2. I don't agree with the position that President Obama will curtail Second Amendment rights in his second term. He didn't do so in his first term, and in fact, expanded the carrying of firearms to National Parks. That was something the NRA had wanted for years. Texas had reasonable laws back in the 1970's concerning the carrying of handguns by private citizens. Now the laws are so confusing and wide open that pretty much anyone can get away with carrying a weapon, and the police aren't sure how to enforce the laws that exist. The truth is that not everyone should be able to carry a firearm. Some have mental defects or anger issues that increase the likelihood that they will commit an act of violence. I speak as one who has carried a firearm as an officer for 33+ years, and even hunted at one time. I consider every situation as one where a suspect could be armed. Still, the unbridled possession of anything that explodes is not good for society. Reasonable regulations should be predicated on the situation in place in society at the time the law is enacted, not based on how things were in the 17 or 1800's. This is not the wild, wild west anymore. There have always been reasonable interpretations of every amendment of the Bill of Rights; why should the Second Amendment be any different? People seem to get their favorite amendment, make it sacrosanct, then want to take away the rights of others under the ones that they don't consider as important. Interpretations are going to change over the years due to changes in society. Part of change is adjusting to new situations. There are extremists on each side. Facing problems requires reasonable compromise.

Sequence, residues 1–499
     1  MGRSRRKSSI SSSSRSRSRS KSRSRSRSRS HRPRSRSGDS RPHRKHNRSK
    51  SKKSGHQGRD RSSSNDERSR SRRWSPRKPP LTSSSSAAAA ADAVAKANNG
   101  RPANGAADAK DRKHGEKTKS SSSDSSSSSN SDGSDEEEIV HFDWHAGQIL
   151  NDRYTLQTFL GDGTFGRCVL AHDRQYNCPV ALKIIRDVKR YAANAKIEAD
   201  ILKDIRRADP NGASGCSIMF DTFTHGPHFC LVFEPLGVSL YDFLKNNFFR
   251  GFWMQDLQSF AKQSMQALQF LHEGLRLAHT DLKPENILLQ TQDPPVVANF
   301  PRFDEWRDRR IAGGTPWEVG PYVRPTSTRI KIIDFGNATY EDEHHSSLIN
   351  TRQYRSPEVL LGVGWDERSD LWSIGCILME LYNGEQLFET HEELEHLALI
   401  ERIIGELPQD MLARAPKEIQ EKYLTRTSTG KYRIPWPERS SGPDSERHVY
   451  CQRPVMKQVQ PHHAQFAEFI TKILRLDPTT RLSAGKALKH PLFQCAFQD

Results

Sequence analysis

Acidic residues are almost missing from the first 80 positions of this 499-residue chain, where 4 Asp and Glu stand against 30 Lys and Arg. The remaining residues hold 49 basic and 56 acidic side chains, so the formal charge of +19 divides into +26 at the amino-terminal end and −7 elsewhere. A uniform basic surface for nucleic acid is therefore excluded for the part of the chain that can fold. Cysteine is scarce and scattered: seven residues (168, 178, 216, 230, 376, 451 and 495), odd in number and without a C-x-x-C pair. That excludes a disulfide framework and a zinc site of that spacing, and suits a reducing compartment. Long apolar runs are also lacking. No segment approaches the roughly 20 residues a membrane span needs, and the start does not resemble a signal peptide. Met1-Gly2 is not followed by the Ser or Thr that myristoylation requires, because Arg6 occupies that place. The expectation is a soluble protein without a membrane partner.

3. Mark: Thanks for the long post. Obama didn't have the leeway after Heller v. D.C. and faced strong gun control opposition in the House. If I am not mistaken, the change in the law re National Parks did not come via Executive order, it came by legislation. Obama wanted to try to calm his critics and signed it. No one ever said the Second Amendment was absolute. Read the Heller decision. Scalia saves many types of "reasonable" gun control law. Stop focusing on the NRA and study the law and research. The left uses the NRA as a red herring to distract attention from the real legal and criminological issues (e.g there is no American or international correlation between guns and crime) I Don't have time to provide links, but check Obama's Bittergate speech. Check his comments to the Brady Center that he was working on gun control "under the radar." Check how his appointee, Sotomayor voted in McDonald v. Chicago. Check his work with foundations prior to getting into politics. Research shows that Democratic President's and Congresses are much more likely to support gun control that Repub. ones. If Obama gets to appoint more to the U.S. Supreme Court, it will not be extremist v. reasonable interpretations of the Second Amendment. It will be the presence or absence of an individual right under the Second Amendment.If you check out my personal material on this blog, you will see that I support all constitutional rights, and that my philosophy is one of a "cautious libertarian." If you would like to contact my students, they will tell you that I am a strong supporter of the Fourth Amendment and the exclusionary rule, and rights for suspects and defendants.